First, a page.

Coal is being replaced by wind

At the former coal-fired power plant in Ibbenbüren, a project is starting that is crucial for the energy transition in Germany. The transmission grid operator Amprion is planning a converter station on the site of the power plant to connect offshore wind farms in North Rhine-Westphalia for the first time. To this end, the Hagedorn group of companies has acquired the site from RWE Generation SE in order to dismantle the power plant and cooling tower and hand over the site to Amprion ready for construction. Hagedorn is the only company in Germany that has already completely taken over and successfully revitalised three power plant sites. For the revitalisation of the site, Hagedorn is using this experience and also its strong process chain.

Compared to other dismantling projects, the demolition of power plants is associated with special challenges. “This is not only due to the size of the buildings,” says project manager Stefan Kleinelümern. The boiler house and cooling tower measure 120 metres, the chimney 275 metres. The disposal of the amount of polluted materials, the logistics of the many heavy transports and the structural preweakening of the high building parts are also added to this project.

The construction-ready area is to be handed over to Amprion in summer 2026. The deconstruction of the beds and foundations is mostly complete. Some partial areas, however, will only be cleared to a certain depth. In order to obtain precise massing data for the building cubature and the façade and roof areas, existing BIM models were used in the preliminary planning. This is not only helpful for the calculation, but also for planning the remediation of pollutants and the deconstruction of the building.

In order to deal with the time pressure, the project is divided into critical and less critical areas. This allows Stefan Kleinelümern’s team to bring areas forward and put others to the back. “This enables us to clear the site on time,” says the project manager. More than 100 Hagedorn Group employees will be working on the site at the same time during the peak phase. For the experts, the time pressure is challenging, but doable: “We are convinced that we will achieve a successful project completion thanks to our strong team, a lot of expertise, experience and good planning,” Kleinelümern emphasises. Special atention is paid to occupational health and safety throughout the project. This applies to every construction site of the Hagedorn Group, but comes into even sharper focus on a project of this magnitude.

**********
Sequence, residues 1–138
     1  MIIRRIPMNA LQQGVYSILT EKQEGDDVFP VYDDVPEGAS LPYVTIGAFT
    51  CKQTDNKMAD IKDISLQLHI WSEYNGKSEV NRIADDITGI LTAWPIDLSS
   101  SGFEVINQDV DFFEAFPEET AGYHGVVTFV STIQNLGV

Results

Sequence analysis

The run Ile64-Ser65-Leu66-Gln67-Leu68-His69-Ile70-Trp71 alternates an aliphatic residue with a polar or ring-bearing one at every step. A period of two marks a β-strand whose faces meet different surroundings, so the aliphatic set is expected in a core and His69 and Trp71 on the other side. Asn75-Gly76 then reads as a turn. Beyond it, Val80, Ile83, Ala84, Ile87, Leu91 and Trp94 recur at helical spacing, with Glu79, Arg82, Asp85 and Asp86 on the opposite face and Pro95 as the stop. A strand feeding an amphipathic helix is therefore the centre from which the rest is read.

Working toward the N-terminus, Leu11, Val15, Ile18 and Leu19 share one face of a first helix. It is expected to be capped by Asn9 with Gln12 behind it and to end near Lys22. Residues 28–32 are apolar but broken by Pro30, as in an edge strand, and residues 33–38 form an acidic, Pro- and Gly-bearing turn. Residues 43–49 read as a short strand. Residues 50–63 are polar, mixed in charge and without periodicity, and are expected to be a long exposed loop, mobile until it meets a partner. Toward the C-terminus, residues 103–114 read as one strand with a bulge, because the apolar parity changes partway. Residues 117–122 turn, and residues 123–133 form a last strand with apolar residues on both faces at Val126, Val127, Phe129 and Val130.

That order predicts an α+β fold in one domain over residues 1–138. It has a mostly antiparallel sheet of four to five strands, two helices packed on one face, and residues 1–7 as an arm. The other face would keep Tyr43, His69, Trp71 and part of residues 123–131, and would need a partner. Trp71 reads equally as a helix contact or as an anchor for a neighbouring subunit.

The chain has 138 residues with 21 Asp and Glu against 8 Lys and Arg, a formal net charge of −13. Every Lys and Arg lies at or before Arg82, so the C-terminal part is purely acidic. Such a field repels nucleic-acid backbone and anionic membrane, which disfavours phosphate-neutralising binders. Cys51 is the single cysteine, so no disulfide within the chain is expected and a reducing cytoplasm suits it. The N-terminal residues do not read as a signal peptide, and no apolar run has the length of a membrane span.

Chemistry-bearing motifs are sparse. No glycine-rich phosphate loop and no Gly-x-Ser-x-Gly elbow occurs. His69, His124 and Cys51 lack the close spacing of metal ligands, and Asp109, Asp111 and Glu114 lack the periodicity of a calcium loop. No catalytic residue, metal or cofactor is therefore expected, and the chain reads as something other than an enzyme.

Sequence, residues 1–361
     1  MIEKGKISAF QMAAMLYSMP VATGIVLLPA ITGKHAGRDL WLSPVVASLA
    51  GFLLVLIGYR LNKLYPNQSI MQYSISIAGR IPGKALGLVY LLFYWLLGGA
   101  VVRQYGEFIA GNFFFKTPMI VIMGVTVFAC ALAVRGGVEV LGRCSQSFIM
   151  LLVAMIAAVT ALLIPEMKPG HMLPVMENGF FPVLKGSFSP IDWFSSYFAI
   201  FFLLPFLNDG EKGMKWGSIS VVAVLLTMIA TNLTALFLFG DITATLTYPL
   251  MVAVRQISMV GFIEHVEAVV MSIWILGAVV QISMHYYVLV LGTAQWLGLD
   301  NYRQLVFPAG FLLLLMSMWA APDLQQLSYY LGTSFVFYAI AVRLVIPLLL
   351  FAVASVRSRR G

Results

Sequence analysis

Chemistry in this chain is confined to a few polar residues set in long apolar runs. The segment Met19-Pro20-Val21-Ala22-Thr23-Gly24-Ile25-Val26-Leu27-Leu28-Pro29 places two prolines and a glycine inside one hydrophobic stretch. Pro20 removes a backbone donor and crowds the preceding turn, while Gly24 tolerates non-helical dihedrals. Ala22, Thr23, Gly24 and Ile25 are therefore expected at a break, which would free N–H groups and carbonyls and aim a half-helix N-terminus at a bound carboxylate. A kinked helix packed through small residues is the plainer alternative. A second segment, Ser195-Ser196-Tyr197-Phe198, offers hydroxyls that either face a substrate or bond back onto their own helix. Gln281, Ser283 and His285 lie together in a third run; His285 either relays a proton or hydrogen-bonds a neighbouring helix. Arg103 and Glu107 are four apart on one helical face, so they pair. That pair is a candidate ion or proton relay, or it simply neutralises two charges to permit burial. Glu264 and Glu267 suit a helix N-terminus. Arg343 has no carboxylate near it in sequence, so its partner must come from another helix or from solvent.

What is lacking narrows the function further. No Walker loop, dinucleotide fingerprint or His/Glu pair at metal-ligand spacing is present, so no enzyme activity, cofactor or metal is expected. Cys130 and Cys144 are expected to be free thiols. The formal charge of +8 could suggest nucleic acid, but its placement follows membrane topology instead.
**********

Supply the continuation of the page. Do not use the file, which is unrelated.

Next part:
Amprion takes over the construction-ready area and plans the first connection of offshore wind farms in North Rhine-Westphalia with the BalWin2 offshore grid connection system. Due to its great length of over 380 kilometres, direct current technology will be used. This makes it possible to transport large amounts of energy over long distances with low losses. Since the transmission grid in Germany mainly uses alternating current technology, a converter station is needed near the so-called grid connection point (Westerkappeln substation). It converts the incoming direct current into alternating current so that it can be fed into the transmission grid.

“In order to achieve the federal government’s acceleration targets for offshore wind energy, we have to put the line into operation three years earlier than originally planned,” says Christoph Evers, overall project manager at Amprion. “The acquisition of the power plant site is a big step on the way there and also has a symbolic character: coal is to be replaced by wind at the Ibbenbüren site.”

The two planned offshore grid connection systems BalWin1 and BalWin2 connect wind farms in the North Sea with the transmission grid on land. Both projects can transmit a capacity of 2,000 megawats each. Together, this corresponds to the demand of about 4 million people. They are scheduled to go into operation in 2029 and 2030. From the North Sea wind farms, the cables will initially run 155 and 165 kilometres at sea, respectively. On the land-based part of BalWin1 and

BalWin2, about 205 and 215 kilometres of underground cables will be laid, respectively. To reach their respective grid connection points in Wehrendorf (BalWin1) and Westerkappeln (BalWin2), the projects will separate on the last part of the route.

Photos: Hagedorn

Hagedorn Management GmbH
Judith Roderfeld
Werner-von-Siemens-Str. 18
33334 Gütersloh
Tel.: 05241 500512748